On February 13, the Chicago Fire announced that homegrown player Harry Shipp had been traded to the Montreal Impact in exchange for general and targeted allocation money, which the Fire will put towards future transfers.
Shipp's Career So Far
Before turning professional, Shipp attended Notre Dame University, where he played four seasons (2010-2013) for the Fighting Irish, making 83 appearances and tallying 23 goals and 24 assists. In his final season, he helped lead Notre Dame to their first NCAA College Cup win and in process, gained a nomination for the MAC Hermann Trophy and won the 2013 Atlantic Coast Conference Men's Soccer Offensive Player of the Year.
Instead of entering the MLS Superdraft, Shipp was able to claim homegrown eligibility, and was signed as such by the Fire in 2014. During his tenure with the Fire, Shipp made over 66 appearances and scored ten goals, an impressive number for a young midfielder. He also became a fan favorite not only because of his great play, but also because of his ties to Chicago.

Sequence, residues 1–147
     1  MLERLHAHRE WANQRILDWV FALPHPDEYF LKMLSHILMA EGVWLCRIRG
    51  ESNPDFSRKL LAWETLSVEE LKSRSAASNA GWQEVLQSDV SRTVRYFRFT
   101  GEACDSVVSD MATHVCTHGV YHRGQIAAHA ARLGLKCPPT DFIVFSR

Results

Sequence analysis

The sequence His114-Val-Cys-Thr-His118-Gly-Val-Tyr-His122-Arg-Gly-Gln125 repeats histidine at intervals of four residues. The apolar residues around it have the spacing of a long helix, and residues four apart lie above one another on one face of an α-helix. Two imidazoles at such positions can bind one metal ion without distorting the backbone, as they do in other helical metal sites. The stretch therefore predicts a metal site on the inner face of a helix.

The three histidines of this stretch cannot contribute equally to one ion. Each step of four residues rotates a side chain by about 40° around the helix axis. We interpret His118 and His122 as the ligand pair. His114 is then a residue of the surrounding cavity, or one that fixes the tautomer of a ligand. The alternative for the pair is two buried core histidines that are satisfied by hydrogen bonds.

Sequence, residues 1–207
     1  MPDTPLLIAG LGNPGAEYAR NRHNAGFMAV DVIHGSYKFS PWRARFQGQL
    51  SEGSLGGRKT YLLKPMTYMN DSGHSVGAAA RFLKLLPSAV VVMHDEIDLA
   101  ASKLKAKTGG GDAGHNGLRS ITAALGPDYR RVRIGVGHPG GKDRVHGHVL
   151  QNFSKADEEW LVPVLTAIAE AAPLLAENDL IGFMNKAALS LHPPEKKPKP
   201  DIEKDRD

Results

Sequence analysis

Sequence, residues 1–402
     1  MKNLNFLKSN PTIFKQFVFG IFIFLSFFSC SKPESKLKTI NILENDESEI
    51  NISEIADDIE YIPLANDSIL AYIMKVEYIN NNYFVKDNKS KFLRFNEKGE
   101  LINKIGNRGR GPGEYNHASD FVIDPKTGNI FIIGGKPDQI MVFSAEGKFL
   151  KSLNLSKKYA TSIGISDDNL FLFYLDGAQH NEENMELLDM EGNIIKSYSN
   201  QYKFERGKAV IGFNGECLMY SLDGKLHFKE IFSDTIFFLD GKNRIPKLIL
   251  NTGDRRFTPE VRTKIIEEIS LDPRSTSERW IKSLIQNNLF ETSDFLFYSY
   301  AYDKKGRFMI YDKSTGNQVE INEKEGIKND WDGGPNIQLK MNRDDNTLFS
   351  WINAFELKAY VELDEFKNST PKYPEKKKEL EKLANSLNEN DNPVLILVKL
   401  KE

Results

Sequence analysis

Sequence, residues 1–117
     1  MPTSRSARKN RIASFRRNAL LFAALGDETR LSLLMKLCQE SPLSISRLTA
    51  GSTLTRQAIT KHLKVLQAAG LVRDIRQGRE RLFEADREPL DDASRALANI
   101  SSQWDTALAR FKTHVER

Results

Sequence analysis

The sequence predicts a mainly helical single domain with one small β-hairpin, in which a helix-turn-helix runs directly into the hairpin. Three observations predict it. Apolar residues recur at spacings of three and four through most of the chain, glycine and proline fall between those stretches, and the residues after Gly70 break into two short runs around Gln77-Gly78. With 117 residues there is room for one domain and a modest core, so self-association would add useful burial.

Why Are Fans In A Rage?
After making an official statement regarding Shipp's transfer to Montreal, the Fire's fan base exploded with criticism, especially after Shipp tweeted a deeply emotional letter to fans, the organization, and the city of Chicago.
But the more important point lies in the fact that the Fire did not just trade a fan favorite, they traded a promising young talent that has been a part of or tied to the club his entire life. Shipp was born and grew up in Lake Forest, Illinois, which is a suburb of Chicago. He is an alum of Lake Forest High School and played for the Fire's youth organization prior to his collegiate career. He has also been an avid Chicago sports fan his entire life, which he mentions in his letter.
In regards to the Fire, he says, "I know this is a business and nothing is personal, but this is inherently personal for me. I went to games at Soldier Field, at the temporary stadium out in Naperville, and throughout the Blanco era at Toyota Park. I even went to practices at Lake Forest College whenever I could convince my mom to take me".
With all of this in mind, there will be a lot of pressure on the Fire to bring in new talent with the allocation money from this transfer. There has always been a special quality to homegrown talents in professional soccer, and it is not easy to forgive an organization for getting rid of them. But Shipp will not be the last talented youth in Chicago, and if the team can find their groove this season and make a positive impression, perhaps this transfer will lose some of its bite.